The bottom line: “A Gentleman’s Guide to Love and Murder” is hilarious from the first line, and so enjoyable that I’d love to see it again. The show isn’t gory, but there’s plenty of innuendo to go around, and there are occasional loud noises and use of light fog throughout.

 

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Newsday Review

‘Gentleman’s Guide to Love and Murder’ review: It’ll slay you

Danny Gardner, left, and Sean Yves Lessard star in “A Gentleman’s Guide to Love and Murder” at the John W. Engeman Theater. Photo Credit: Michael DeCristofaro

March 19, 2019
By: Barbara Schuler

You have to have a lot of faith in a show to start it off with a song that suggests the audience, at least those “faint of heart,” might want to leave. “Blood may spill … so if you’re smart, before we start, you’d best depart,” the cast sings in the opening moments of “A Gentleman’s Guide to Love and Murder” at the John W. Engeman Theater in Northport.

No worries. Everyone at the performance I attended stayed in their seats and survived the delightful romp of a show by Robert L. Freedman (book) and Steven Lutvak (music), winner of the Tony Award for best musical in 2014. Unfortunately, that can’t be said for all the characters, any number of whom get bumped off in the course of the show after the impoverished Monty Navarro (Sean Yves Lessard, as adorable a serial killer as you’re likely to meet) learns from a family friend that he’s a member of the prominent D’Ysquith family and ninth in line to become Earl of Highhurst.

Murder and mayhem result as Monty embarks on a campaign to do away with everyone ahead of him in the line of succession — all remarkably played by the talented and hardworking Danny Gardner, last seen at Engeman as Don Lockwood in “Singin’ in the Rain.” Gardner puts all he ever learned in acting class to work as he plays the entire D’Ysquith family, among them the doddering priest, the stodgy banker, the country bumpkin, the aging actress, all coming to their doom (skating accidents, slippery roofs, Monty is quite creative) in a flurry of witty if not especially memorable songs that meet somewhere between operetta and British music hall.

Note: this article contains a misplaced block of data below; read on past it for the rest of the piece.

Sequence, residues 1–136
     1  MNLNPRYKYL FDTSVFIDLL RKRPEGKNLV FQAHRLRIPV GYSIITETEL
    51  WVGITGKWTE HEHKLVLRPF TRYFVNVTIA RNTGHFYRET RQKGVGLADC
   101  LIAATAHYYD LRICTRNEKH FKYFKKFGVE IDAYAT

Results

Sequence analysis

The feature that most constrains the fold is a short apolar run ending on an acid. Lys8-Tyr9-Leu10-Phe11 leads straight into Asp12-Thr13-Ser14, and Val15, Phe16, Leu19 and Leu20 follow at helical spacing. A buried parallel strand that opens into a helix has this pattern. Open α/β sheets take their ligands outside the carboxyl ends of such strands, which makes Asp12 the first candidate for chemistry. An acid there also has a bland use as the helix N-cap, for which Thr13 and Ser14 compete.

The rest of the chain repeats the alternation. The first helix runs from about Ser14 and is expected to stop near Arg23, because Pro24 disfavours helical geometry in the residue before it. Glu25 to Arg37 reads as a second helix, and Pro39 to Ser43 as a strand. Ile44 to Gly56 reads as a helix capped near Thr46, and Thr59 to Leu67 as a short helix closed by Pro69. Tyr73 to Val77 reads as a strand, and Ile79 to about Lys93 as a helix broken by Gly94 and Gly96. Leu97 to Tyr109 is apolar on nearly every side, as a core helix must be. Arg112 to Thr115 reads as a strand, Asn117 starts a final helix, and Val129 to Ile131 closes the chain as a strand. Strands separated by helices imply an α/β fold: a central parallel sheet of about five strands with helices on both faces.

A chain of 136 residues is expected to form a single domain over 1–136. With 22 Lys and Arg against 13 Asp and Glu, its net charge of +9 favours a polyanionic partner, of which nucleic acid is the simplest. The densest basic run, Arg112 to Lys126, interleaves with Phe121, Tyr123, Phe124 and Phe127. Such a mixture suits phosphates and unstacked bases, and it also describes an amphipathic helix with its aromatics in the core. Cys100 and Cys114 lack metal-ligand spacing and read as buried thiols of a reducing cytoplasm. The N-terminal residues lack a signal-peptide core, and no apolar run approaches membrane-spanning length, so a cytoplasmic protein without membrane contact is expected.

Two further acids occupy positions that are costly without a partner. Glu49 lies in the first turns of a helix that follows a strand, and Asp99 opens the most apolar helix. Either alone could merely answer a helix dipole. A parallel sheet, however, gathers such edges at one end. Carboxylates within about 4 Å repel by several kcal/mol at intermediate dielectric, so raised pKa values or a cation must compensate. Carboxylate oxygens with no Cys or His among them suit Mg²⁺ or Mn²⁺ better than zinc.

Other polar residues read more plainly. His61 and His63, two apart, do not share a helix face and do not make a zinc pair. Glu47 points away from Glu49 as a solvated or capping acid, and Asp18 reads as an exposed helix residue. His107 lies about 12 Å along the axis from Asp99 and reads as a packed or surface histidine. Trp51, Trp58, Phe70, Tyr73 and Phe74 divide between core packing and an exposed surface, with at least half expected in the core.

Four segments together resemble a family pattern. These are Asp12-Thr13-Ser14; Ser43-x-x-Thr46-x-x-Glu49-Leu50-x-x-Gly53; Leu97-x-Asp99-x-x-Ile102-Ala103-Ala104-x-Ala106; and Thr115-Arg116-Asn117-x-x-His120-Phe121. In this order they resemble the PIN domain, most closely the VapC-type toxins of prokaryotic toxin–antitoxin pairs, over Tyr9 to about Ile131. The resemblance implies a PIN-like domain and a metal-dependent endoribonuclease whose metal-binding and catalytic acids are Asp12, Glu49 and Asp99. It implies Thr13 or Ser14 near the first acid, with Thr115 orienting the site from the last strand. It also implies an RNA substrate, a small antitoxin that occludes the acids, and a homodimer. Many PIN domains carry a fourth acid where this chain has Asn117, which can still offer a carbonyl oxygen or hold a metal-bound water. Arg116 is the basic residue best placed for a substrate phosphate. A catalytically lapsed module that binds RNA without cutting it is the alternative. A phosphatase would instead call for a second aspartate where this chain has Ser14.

The love part of the title is represented by two young women who have their sights set on Monty — the social climbing Sibella and distant cousin Phoebe played, respectively, by big-voiced Broadway veterans Kate Loprest and Katherine McLaughlin. The triangle comes to a head in the amusing, farcical “I’ve Decided to Marry You” with Monty an absolute riot as he only barely manages to fend off the two ladies.

Director Trey Compton and choreographer Vincent Ortega maintain a brisk pace. The cast (especially Gardner) makes quick changes that are often visible in the background of Nate Bertone’s clever set, bordered by portraits of the D’Ysquith clan that get X’d out as they do. It’s all great fun, which is something you can’t often say about a play with multiple murders. Certainly, who did them is no mystery.

 

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The Theatre Guide Review

A Gentleman’s Guide to Love and Murder – John W. Engeman Theater

Katherine McLaughlin, Sean Yves Lessard and Kate Loprest. Photo by Michael DeCristofaro.

March 19, 2019
By Kristen Weyer.

Who couldn’t use an escape now and then? Come travel back in time and away from reality and reason with A Gentleman’s Guide to Love and Murder, now playing at the John W. Engeman Theater. Mischief, mayhem and murder run rampart in this outrageous musical with book and lyrics by Robert L. Freedman, and music and lyrics by Steven Lutvak. Their combined genius is on full display the entire production with dizzying displays of immensely clever dialogue and lyrics.  It is easy to see why this show won the 2014 Tony Award for Best Musical.

With very “British” humor along the lines of Monty Python and Robin Hood: Men in Tights, it’s a little bit slap-stick, fairly dirty, and very irreverent of its subject – mainly murder.  The cast does warn the audience of this in their very first number aptly entitled “A Warning to the Audience” (and then hilariously seem quite perplexed why we didn’t all get up to leave).  It is by no means gruesome, but rather filled with campy death sequences and some exaggerated stage gore. If this is not your cup of tea however, then consider yourself forewarned.